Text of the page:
Tripuri people

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Tripuri people
Regions with significant populations
3.5 million India and Bangladesh
Kokborok (Tripuri)
Om.svg Hinduism, Animism, Cross ab.svg Christianity
Related ethnic groups

The Tripuri (also known as Tipra,Tiprasa, Twipra) are an ethnic group originating in the Indian state of Tripura. They are the inhabitants of the Twipra/Tripura Kingdom in North-East India and Bangladesh. The Tripuri people through the Manikya dynasty ruled the Kingdom of Tripura for many years until the kingdom joined the Indian Union on 15 October 1949. Under the presidency of Queen Kanchan Prava Devi, mother of Kirit Bikram Kishore Deb Barman.


Distribution of Tipra, as reported in the Language Survey of India 1903
Distribution of Tipra, as reported in the Language Survey of India 1903
A rignai pattern.

Tripuris are the native people of Tripura having its own unique and distinct rich culture, tradition, and history. They were able to expand their influence as far south as Chittagong, as far west as Comilla and Noakhali (known during the British period as 'plains Tipperah')and as far north as Sylhet (all in present Bangladesh). In the year 1512, the Tipperas were at the height of their supremacy when they defeated the Mughals. The ruling dynasty passed through several periods of history and ruled Tripura for several centuries until the 18th century, after which Plain Tippera became a colony of Britain and Hill Tippera remained an Independent Princely State. On 14 October 1949, Hill Tippera was merged into the newly independent India as Tripura State.


The Tripuri people mainly speak dialects of Kokborok, the language which comprises the standard dialects of Debbarma, Tripura, Murasing, Jamatia, Noatia, Reang(Bru), Koloi, Uchoi, and Rupini, Riam Chong language of Halams also spoken across the state and mostly in TTAADC areas. Kokborok is an official language of Tripura. There are estimated to be more than one million speakers of the dialects of Tripuri in Tripura, and additional speakers in Mizoram and Assam in India, and in Nepal, as well as Sylhet and the Chittagong Hill Tracts in Bangladesh.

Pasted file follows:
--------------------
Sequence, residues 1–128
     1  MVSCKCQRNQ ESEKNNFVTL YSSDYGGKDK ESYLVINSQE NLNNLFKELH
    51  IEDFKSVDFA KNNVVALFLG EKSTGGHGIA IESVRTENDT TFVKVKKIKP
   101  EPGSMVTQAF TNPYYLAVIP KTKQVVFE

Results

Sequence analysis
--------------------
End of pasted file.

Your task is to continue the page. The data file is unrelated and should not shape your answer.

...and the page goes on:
According to the 2011 census, 92.50% of the Tripuri people are Hindus & 7.5% of the Tripuri people are Christians (majority Baptists). Almost 85% of Uchoi (Tripuri sub-tribe) are Christians.[1]


A rignai pattern.

The indigenous Tripuri people comprise hill communities, each with its own elementary social and administrative organisation starting from the village level and up to the chieftainship of the whole tribe. [2][1]

These indigenous communities enjoy their traditional freedom based on the concept of self-determination. The relation between the king and the subject communities was as Maharaja (king) of Tripura-Missip or liaison officer Roy or headman of the community – Sardar the chief of the village – the individual. Earlier, only the Debbarma or Tipra ethnic group was included in the Tripuri Kshatriya group. Later, the Raja included other groups like Reang, Jamatia and Noatia as well, in an attempt to foster a sense of kindness among the people under his region.[3]

The Tripuri people have a rich historical, social, and cultural heritage which is totally distinct from that of the mainland Indians. Their distinctive culture – as reflected in their dance, music, festivals, management of community affairs, dress and food habits – has a strong base. Kokborok, the lingua franca of the 12 largest linguistic groups of the indigenous Tripuris and other dialects spoken in Tripura are of the Tibeto-Burman group and distinct from those spoken in India. There is no influence from those spoken by other peoples in the north-eastern region.

The main Tripuri clans are:

Tripuri games and sports[edit]

Like many parts of the world the Tripuri has traditional sports. It is common in almost all the clans of Tripuri. They are called thwngmung in Tripuri. Nowadays these traditional sports are being abandoned gradually, as Tripuris are attracted to modern games and sports. But some of the sports still played and preferred in rural Tripura.

Notable people[edit]

See also[edit]


  1. ^
  2. ^ Desk, Sentinel Digital (19 March 2020). "Tripuri community has started reviving its traditional bodies in Tripura - Sentinelassam". Retrieved 30 January 2021.
  3. ^ Asian Studies, Volume 4 by Netaji Institute for Asian Studies, p.4

External links[edit]